Ben Tausig and Peter Doolan: Music on the Table

Music on the Table
By Ben Tausig and Peter Doolan
Produced by Elizabeth Watkins

Visitors to Bangkok who happened upon the Red and Yellow Shirt political protests in 2010 and 2011 could be forgiven for mistaking them, much of the time, for concerts or dance parties. The air of the rallies was saturated with songs, both live and recorded. CDs sold almost as quickly as grilled pork, and hundreds of artists created (or recreated) themselves as full-time protest musicians.

Protest music could be, but was not always, whimsical. Indeed, its content, distribution, and subtexts pointed to deep wells of critique of the government and political system, much of which was outspoken and even radical. Listening closely to the music of the protests also gives us a sense of the relationships that flourished at the rallies – between vendors and consumers, protest leaders and crowds, and among protesters themselves. “Music on the Table” addresses itself at once to scholarship on the role of music and media in social movements, to studies of new forms of musical economy enabled by inexpensive technologies of distribution, and to contemporary work on Thai politics, including recent histories of protest and political resistance. See extended scholarly bibliography below.

In this presentation, we guide the reader through the content of two virtual CD tables that display a representative selection of music actually purchased at the rallies in the case of the Red Shirts, and at the offices of right-leaning ASTV media (at Phujatgan headquarters in Bangkok) or audible on the radio in the case of the Yellows.

 


References:

Unattributed Newspaper articles: “วันชนะ เกิดดี” อ้างใช้เงินจากขายเทปการชุมนุมถอยฟอร์จูนเนอร์ มีเงินเข้า-ออก10รายการช่วงม็อบแดงเคลื่อน,” มติชน (Matichon), July 13, 2010.

“Red Shirts’ Financing: Fresh list of 43 firms, individual issued by CRES,” The Nation, May 19, 2010.

“ศอฉ. แถลงจับ 7แกนนำแดง คุมตัวส่งธัญบุรี,” ไทยรัฐ (Thai Rath), February 27, 2012.

Books, Reports, and Academic Articles: Amporn Jirattikorn. 2006. “Lukthung: Authenticity and Modernity in Thai Country Music.” Asian Music 37(1): 24-50.

“Asian Media Barometer 2010: A Locally Based Analysis of the Media Landscape in Asia.” 2011. Published by Friedrich Ebert Stiftung Academic Foundation. Berlin, Germany.

Augoyard, Jean-Francois and Henry Torgue. 2005. Sonic Experience: A Guide to Everyday Sounds. Montreal: McGill-Queen’s University Press.

Blesser, Barry and Linda-Ruth Salter. 2007. Spaces Speak, Are You Listening?: Experiencing Aural Architecture. Cambridge, MA: The MIT Press, 2007.

Bodden, Michael. 2005. “Rap in Indonesian Youth Music of the 1990s: “Globalization,” “Outlaw Genres,” and Social Protest.” Asian Music 36(2): 1-26.

Bull, Michael and Les Back, eds. 2003. The Auditory Culture Reader. New York: Berg.

Erlmann, Veit, ed. 2004. Hearing Cultures: Essays on Sound, Listening, and Modernity. New York: Berg.

Haberkorn, Tyrell. 2011. Revolution Interrupted: Farmers, Students, Law, and Violence in Northern Thailand. Madison: University of Wisconsin Press.

Klima, Alan. 2002. The Funeral Casino: Meditation, Massacre, and Exchange with the Dead in Thailand. Princeton, Princeton: Princeton University Press.

Krims, Adam. 2007. Music and Urban Geography. New York: Routledge.

Lefebvre, Henri. 2004. Rhythmanalysis: Space, Time and Everyday Life. London: Continuum International Publishing Group.

Lysloff, Rene T. A. and Leslie C. Gay, Jr., eds. 2003. Music and Technoculture. Middletown, CT: Wesleyan University Press.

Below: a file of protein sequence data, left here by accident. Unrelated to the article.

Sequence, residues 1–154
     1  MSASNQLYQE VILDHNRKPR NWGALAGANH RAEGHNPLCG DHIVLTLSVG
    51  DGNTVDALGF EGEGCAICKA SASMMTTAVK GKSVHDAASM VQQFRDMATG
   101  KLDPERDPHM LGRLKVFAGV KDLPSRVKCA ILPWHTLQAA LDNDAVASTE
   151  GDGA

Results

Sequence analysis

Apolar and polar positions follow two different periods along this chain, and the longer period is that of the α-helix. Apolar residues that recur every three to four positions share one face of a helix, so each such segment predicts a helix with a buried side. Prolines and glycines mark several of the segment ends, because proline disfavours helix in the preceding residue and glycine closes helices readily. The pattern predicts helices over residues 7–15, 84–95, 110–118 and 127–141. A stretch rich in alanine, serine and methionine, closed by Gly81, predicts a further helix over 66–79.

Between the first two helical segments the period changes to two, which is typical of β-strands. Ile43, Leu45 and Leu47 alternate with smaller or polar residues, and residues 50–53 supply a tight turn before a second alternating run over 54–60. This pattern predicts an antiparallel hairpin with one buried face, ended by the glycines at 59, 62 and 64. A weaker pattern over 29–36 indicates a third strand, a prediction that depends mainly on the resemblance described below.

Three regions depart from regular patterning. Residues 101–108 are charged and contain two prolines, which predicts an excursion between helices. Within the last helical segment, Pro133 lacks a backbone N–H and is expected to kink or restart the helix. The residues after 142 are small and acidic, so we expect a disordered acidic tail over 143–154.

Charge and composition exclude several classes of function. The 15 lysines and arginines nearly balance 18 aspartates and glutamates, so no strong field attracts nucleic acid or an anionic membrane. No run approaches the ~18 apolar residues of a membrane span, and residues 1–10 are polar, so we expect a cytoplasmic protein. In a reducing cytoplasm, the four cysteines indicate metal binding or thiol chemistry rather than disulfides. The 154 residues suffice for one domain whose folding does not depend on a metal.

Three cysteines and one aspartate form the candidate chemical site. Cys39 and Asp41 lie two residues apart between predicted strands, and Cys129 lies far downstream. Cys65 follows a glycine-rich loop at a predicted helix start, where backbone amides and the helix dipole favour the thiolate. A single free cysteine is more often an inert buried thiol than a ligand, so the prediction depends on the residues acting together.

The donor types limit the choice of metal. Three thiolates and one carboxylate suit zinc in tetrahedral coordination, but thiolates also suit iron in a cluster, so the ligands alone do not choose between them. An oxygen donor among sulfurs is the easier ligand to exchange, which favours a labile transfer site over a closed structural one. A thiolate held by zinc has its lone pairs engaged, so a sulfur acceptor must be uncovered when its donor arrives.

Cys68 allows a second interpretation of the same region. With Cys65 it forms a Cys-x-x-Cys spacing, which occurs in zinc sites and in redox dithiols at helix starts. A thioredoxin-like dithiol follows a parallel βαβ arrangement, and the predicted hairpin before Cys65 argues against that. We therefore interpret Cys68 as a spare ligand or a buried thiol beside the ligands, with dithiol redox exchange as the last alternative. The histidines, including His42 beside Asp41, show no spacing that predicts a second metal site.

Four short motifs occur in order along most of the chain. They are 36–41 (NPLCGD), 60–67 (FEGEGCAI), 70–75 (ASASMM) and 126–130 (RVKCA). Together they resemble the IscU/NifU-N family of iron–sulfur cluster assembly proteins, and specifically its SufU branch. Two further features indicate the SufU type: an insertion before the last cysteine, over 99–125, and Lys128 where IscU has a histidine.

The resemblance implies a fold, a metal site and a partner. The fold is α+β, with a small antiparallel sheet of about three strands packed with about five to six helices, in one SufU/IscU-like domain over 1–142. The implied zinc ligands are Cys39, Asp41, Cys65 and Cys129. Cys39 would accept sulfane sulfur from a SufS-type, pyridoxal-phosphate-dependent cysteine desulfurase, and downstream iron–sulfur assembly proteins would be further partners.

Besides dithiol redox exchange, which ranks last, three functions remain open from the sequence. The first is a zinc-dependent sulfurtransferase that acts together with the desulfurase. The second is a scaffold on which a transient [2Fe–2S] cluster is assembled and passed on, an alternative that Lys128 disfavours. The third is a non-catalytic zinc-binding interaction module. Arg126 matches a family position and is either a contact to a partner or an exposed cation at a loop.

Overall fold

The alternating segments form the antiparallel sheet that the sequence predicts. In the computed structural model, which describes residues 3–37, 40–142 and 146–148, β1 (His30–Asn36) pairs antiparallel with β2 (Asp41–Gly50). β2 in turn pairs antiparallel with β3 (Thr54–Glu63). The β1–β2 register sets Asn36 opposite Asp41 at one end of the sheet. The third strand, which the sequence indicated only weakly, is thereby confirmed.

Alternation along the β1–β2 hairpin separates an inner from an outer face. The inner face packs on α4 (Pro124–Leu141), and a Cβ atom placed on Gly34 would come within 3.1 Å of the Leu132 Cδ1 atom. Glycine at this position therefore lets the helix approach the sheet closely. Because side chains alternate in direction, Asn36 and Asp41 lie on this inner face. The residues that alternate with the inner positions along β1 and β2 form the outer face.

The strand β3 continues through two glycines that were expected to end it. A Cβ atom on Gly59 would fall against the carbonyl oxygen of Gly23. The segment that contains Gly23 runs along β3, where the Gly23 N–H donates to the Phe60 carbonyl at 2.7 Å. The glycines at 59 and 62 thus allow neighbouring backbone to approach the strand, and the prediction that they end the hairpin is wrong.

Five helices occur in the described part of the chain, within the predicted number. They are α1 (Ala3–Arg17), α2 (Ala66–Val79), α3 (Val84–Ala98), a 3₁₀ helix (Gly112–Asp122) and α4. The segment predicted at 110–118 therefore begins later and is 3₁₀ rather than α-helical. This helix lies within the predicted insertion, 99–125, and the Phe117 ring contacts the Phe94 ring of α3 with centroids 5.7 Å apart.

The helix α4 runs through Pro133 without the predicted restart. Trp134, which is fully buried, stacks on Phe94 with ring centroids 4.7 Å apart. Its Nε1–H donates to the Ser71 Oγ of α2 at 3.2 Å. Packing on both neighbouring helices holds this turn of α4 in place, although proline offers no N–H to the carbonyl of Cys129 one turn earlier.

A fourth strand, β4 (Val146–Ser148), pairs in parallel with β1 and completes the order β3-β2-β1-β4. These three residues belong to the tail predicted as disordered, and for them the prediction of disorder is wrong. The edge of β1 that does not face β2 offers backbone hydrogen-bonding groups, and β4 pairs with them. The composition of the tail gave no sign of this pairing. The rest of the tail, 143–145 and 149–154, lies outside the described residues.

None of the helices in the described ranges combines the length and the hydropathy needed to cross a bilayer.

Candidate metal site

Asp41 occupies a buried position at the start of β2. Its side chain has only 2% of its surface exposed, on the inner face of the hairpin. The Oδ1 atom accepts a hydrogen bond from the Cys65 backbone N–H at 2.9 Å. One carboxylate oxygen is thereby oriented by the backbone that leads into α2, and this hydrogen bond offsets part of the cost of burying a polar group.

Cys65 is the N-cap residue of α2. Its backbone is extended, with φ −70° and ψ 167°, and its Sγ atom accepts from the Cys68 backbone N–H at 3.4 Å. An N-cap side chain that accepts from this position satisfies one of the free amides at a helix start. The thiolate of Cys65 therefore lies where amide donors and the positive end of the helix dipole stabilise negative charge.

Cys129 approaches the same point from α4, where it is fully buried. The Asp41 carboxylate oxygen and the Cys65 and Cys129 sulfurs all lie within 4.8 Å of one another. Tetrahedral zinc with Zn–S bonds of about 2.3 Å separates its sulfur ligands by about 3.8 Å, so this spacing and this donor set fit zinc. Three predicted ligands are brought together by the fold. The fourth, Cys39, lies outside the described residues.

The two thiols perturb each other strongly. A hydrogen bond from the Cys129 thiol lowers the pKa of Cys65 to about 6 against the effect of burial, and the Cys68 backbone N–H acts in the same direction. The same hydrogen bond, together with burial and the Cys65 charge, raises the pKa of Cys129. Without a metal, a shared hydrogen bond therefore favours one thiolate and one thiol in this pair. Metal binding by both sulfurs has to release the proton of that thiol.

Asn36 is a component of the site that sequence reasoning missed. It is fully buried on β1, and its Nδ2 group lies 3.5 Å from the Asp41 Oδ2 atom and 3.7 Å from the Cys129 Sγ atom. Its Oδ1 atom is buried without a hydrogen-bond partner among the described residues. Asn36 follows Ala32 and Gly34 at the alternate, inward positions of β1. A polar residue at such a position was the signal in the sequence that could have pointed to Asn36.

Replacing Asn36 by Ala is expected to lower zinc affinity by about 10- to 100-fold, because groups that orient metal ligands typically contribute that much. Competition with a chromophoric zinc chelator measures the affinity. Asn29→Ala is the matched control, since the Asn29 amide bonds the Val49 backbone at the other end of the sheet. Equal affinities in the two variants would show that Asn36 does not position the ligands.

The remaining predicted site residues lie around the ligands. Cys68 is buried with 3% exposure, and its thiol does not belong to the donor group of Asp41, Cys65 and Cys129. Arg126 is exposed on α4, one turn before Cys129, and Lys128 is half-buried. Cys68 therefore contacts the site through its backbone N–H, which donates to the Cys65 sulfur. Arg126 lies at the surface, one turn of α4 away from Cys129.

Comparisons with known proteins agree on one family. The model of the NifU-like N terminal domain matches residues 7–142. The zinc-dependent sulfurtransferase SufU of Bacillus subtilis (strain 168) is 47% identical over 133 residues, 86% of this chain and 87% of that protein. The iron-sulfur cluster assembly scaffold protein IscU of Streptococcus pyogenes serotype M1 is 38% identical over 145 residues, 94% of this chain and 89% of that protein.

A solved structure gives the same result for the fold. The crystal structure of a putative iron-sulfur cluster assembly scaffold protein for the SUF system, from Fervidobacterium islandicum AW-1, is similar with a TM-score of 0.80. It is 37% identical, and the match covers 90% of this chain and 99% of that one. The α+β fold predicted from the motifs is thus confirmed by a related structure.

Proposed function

Martin, Bradford D. 1994. “The Theater is in the Street: Politics and Performance in Sixties America.” Boston: University of Massachusetts Press.

Miller, Terry. 2005. “From Country Hick to Rural Hip: A New Identity Through Music for Northeast Thailand.” Asian Music 36(2): 96-106.

Mitchell, James. 2011. “Red and yellow songs: a historical analysis of the use of music by the United Front for Democracy against Dictatorship (UDD) and the People’s Alliance for Democracy (PAD) in Thailand” South East Asia Research 19(3): 457-494.

Mr. Ghost (pseudonym), 2006. “พัฒนาการเพลงเพื่อชีวิต” (“The Development of Songs for Life”), 9dern.com, accessed April 16 2012, http://www.9dern.com/rsa/view.php?id=90.

Myers-Moro, Pamela. 1986. “Songs for Life: Leftist Thai Popular Music in the 1970s.” Journal of Popular Culture 29(3): 93-113.

นิธิ เอียวศรีวงศ์ (Nidhi Eowsriwong). 2011. “ขบวนการคนเสื้อแดงกับสังคม-การเมืองไทย” (“The Red Shirt Movement and Thai Politics and Society”). In Matichon, May 19, 2011.

Pasuk Phongpaichat and Chris Baker. 2010. Thaksin (Second Edition). Seattle: University of Washington Press.

Sassen, Saskia. 1994. Cities in a World Economy. Thousand Oaks, CA: Pine Forge Press.

Scott, James. 1985. Weapons of the Weak: Everyday Forms of Peasant Resistance. New Haven: Yale University Press.

Smith, Mark. 2007. Sensing the Past: Seeing, Hearing, Smelling, Tasting and Touching in History. Berkeley: University of California Press.

สมศักดิ์ เจียมธีรสกุล (Somsak Jeamteerasakul). 2007. “เราสู้: เพลงพระราชนิพนธ์การเมืองกับการเมืองปี 2518-2519″ (‘We Fight: Political Royal

Songs and Politics, 1975-1976), somsakwork.blogspot.com, November 16, 2007, http://somsakwork.blogspot.com/2007/11/2518-2519.html.

Sreberny, Annabelle and Ali Mohammadi. 1994. Small Media, Big Revolution: Communication, Culture, and the Iranian Revolution. Minneapolis: University of Minnesota Press.

Naruemon Thabchumpon and Duncan McCargo. 2011. “Urbanized Villagers in the 2010 Thai Redshirt Protests.” Asian Survey 51(6): 993-1018.

Ubonrat Siriyuvasak. 1990. “Commercialising the Sound of the People: Pleng Luktoong and the Thai Pop Music Industry.” Popular Music 9(1): 61-77.

Wong, Deborah. 1989. “Thai Cassettes and Their Covers: Two Case Histories.” Asian Music 21(1): 78-104.

Follow us on Facebook:

& Twitter:

@SensateJournal